Darth Vader, like so many other career professionals laboring under layers of blubbery bureaucracy, encountered distressors* that occasionally drove him to lash out at colleagues and competitors, employing telekinesis and a lazery sword in equal measure, often illegally. As hinted by the Star Warrior-baiting Santa Cruz decks of yesteryear, Darth Vader’s broiling frustrations may mirror those gripping the skateboard sphere in these, the autumn days of 2015.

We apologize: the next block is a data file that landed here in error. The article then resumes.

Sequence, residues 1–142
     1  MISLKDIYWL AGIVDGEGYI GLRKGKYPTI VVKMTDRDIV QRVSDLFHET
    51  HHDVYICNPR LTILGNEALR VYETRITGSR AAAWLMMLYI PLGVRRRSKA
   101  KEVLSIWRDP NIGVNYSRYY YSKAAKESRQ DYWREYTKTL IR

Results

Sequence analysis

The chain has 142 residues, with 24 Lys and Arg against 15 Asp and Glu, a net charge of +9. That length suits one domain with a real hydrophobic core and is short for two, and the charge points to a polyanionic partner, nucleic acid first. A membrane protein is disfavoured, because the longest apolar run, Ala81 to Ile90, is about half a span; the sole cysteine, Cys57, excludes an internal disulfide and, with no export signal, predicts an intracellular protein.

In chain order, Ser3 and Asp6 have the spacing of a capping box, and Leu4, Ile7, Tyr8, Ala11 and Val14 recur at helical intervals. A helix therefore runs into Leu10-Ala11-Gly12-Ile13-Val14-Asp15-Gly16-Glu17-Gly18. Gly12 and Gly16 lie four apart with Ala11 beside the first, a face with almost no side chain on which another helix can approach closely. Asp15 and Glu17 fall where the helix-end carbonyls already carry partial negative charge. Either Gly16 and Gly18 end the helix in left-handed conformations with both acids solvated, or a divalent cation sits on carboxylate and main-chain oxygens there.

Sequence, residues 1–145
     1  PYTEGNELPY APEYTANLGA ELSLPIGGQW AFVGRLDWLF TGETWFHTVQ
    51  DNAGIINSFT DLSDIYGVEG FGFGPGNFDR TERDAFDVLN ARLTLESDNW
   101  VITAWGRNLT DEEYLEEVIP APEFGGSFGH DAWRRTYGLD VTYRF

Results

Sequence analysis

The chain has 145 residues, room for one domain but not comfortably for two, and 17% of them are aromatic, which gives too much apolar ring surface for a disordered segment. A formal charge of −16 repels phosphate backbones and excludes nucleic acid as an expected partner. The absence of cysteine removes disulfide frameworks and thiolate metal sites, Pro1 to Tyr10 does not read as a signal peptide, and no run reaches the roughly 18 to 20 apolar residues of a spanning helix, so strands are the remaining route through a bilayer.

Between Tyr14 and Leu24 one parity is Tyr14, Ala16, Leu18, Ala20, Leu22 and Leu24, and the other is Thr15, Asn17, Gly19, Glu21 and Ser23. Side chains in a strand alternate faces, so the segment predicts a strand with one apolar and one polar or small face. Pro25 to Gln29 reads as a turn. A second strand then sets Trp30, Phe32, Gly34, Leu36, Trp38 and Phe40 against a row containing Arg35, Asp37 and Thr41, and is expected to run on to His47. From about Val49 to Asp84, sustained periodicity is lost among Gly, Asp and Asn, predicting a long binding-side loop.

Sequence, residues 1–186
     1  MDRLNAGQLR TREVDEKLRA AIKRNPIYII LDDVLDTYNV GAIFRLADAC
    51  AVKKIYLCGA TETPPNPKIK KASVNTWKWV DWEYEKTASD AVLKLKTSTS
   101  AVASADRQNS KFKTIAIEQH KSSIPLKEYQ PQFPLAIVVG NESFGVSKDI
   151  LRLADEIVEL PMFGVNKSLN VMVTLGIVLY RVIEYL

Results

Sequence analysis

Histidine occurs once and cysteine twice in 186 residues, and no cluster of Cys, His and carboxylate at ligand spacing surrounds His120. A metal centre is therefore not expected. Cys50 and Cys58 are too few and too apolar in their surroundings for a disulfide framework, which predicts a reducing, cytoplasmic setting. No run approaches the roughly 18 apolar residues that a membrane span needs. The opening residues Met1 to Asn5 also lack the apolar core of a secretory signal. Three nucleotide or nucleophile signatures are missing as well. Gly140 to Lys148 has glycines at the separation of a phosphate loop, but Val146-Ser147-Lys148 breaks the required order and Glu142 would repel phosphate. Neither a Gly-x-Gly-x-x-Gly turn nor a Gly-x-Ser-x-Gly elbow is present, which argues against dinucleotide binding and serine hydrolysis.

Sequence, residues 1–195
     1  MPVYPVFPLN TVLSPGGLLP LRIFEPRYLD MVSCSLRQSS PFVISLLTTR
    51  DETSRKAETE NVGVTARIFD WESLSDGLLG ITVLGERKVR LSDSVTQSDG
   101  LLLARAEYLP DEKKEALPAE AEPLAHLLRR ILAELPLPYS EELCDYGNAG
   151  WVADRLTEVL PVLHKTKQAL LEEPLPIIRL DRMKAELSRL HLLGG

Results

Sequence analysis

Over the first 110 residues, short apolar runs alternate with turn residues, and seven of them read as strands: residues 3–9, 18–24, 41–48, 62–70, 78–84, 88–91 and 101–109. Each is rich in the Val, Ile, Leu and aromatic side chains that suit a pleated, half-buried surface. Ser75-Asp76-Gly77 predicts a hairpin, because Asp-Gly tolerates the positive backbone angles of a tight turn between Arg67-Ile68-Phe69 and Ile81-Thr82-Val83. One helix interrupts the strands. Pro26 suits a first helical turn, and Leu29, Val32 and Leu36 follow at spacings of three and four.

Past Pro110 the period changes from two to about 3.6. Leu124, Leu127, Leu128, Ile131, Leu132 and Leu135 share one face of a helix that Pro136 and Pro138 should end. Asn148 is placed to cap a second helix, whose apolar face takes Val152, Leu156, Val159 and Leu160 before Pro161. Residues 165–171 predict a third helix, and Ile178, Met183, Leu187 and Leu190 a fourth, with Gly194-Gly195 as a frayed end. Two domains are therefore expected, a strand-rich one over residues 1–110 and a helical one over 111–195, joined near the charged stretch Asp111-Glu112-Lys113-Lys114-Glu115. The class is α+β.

Like an incredulous Death Star space welder handed a snorkel, a flathead screwdriver and an unconvincing clap on the shoulder, stakes and requirements for workaday professional bros seem to ratchet ever higher while the constraints of a turbulent global economy seem intent on culling the industry herd. Once high-flying board affairs like Alien Workshop, Zero and Girl are undergoing painful evolutions, while rumors swirl around the future of Dekline shoes and Adio has taken to advertising former team riders in its bid for continued relevance. Signature-model toting professionals increasingly are expected to bear the responsibility of marketing themselves via crowd-courting internet pages, and we live in a time when not only is it unshocking to see a marginally-known amateur break off tricks like Gabriel Summers’ shiveringly gnarly nosegrind, it also is de regueur do it nominally for free. Olympic endorsement contracts would beckon skateboarding’s sobriety-compatible 1%, while remaining ne’er do wells contemplate crowdfunding raisers to sop up medical bills.